After spending 20 years away, Renton (Ewan McGregor) returns home to Edinburgh and catches up with spud (Ewen Bremner) and Sick Boy (Jonny Lee Miller). Times have changed and there is tension between all of them, but when Begbie (Robert Carlyle) is found to be in the area they must put this behind them and go on the run.
It’s actually pretty difficult to surmise the plot of T2 Trainspotting. It’s a film that’s less about plot and more about characters. It vaguely fits the mould of a caper, but much like the first movie and plot that happens is a vehicle for these characters that you haven’t seen for 20 years.
It’s worth saying now that obviously it isn’t the game changing revolutionary film that the first Trainspotting was. But nothing is. What T2 is, is a more overtly melancholy movie than Trainspotting was. It’s still visually exciting, fast paced and crucially very funny, but it’s also really quite dark. It deals less directly with drug addiction, although of course its presence still looms large. Instead the darkness is more internal. Depression as a theme courses through T2, Bremner’s Spud especially representing a personification of this. Actually far more than in Trainspotting, T2 is about Spud’s emotional journey. While McGregor’s Renton is still the lead, this is Bremner’s movie more than any other supporting cast member.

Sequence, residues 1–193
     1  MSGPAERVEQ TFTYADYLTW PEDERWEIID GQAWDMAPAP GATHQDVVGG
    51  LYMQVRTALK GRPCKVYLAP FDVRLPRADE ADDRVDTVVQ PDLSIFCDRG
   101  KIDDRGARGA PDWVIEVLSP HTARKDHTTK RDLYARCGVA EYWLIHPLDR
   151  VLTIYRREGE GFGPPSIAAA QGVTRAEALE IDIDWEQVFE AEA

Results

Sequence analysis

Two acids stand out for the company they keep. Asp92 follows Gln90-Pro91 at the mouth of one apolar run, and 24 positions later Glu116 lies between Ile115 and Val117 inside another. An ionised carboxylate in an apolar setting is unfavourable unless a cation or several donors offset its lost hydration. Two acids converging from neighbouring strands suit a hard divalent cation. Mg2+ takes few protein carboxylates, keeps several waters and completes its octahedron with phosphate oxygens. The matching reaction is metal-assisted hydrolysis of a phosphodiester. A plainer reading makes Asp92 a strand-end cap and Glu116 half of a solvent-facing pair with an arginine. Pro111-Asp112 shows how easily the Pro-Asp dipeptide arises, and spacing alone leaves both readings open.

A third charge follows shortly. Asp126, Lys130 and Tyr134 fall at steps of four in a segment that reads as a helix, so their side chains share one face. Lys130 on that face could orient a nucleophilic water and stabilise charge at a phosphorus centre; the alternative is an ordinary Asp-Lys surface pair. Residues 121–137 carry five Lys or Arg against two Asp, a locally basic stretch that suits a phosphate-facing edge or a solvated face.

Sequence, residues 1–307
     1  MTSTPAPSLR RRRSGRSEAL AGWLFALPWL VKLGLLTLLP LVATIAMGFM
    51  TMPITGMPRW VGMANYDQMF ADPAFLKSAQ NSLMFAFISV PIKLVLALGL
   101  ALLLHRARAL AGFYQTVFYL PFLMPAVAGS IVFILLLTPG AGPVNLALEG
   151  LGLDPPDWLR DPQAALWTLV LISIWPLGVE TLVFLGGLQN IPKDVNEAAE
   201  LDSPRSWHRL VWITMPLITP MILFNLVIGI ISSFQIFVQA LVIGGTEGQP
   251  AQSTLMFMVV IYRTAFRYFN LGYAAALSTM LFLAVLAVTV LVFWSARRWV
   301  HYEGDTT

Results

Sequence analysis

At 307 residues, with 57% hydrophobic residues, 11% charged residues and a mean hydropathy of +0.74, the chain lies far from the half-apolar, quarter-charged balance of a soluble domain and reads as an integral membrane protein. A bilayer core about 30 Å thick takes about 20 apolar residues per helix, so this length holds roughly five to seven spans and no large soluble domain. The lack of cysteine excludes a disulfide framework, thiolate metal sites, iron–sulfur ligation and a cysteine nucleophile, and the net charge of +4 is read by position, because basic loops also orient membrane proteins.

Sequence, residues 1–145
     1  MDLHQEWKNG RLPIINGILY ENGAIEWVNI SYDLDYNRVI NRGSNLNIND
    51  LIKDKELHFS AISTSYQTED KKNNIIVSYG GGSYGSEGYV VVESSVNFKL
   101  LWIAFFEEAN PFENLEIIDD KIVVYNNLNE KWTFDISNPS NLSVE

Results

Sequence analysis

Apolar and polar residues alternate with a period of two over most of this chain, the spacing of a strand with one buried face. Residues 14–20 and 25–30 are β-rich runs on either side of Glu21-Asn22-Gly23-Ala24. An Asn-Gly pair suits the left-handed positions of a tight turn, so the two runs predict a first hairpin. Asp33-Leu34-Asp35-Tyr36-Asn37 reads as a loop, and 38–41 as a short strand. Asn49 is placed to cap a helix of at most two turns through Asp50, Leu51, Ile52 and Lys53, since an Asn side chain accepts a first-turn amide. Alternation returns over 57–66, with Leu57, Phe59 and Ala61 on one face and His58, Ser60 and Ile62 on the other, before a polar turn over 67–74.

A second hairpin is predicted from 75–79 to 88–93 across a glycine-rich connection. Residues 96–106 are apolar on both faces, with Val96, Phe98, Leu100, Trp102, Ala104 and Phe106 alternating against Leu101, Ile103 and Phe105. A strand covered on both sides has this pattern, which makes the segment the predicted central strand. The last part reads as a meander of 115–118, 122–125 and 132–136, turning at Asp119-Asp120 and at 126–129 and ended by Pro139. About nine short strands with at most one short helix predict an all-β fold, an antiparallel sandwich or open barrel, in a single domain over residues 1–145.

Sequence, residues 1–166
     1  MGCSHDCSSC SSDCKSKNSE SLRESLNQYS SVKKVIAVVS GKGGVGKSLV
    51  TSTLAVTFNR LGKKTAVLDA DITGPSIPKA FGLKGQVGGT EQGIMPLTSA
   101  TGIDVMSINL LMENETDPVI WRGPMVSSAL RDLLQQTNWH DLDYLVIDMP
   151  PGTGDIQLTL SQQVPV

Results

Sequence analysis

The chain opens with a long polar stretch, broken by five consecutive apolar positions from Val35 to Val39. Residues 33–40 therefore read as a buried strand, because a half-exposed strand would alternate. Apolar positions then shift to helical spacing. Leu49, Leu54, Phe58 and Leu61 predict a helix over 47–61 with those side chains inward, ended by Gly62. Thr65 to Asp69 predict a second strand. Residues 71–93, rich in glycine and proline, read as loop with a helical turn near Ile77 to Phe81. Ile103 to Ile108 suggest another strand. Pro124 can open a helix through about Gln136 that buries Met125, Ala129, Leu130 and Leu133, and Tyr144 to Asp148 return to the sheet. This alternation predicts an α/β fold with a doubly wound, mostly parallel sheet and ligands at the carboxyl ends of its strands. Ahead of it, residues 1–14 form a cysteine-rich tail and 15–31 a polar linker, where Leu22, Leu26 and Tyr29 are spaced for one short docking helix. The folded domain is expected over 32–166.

But while for me T2 was a intensely emotional experience, it never loses sight of just being a great ride of a movie. It’s exciting, it’s funny and it’s completely gripping from start to finish. The intricacies of the plot get mildly convoluted at the end but it really doesn’t matter. Sit down buckle up and let Danny Boyle take you on a visual and emotional journey.